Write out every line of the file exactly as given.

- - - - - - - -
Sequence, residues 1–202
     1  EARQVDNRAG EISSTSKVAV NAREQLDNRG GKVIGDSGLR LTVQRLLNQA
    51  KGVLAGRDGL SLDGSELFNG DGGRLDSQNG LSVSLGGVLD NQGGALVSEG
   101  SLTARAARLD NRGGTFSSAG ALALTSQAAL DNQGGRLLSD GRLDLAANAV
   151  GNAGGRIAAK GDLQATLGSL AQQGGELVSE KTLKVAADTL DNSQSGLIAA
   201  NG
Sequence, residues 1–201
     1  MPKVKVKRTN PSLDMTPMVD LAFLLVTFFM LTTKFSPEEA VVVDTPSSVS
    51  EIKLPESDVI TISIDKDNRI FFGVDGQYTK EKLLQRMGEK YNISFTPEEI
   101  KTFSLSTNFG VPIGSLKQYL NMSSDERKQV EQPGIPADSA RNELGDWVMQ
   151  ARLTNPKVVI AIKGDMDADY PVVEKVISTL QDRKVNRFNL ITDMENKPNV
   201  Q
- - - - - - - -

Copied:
Sequence, residues 1–202
     1  EARQVDNRAG EISSTSKVAV NAREQLDNRG GKVIGDSGLR LTVQRLLNQA
    51  KGVLAGRDGL SLDGSELFNG DGGRLDSQNG LSVSLGGVLD NQGGALVSEG
   101  SLTARAARLD NRGGTFSSAG ALALTSQAAL DNQGGRLLSD GRLDLAANAV
   151  GNAGGRIAAK GDLQATLGSL AQQGGELVSE KTLKVAADTL DNSQSGLIAA
   201  NG
Sequence, residues 1–201
     1  MPKVKVKRTN PSLDMTPMVD LAFLLVTFFM LTTKFSPEEA VVVDTPSSVS
    51  EIKLPESDVI TISIDKDNRI FFGVDGQYTK EKLLQRMGEK YNISFTPEEI
   101  KTFSLSTNFG VPIGSLKQYL NMSSDERKQV EQPGIPADSA RNELGDWVMQ
   151  ARLTNPKVVI AIKGDMDADY PVVEKVISTL QDRKVNRFNL ITDMENKPNV
   201  Q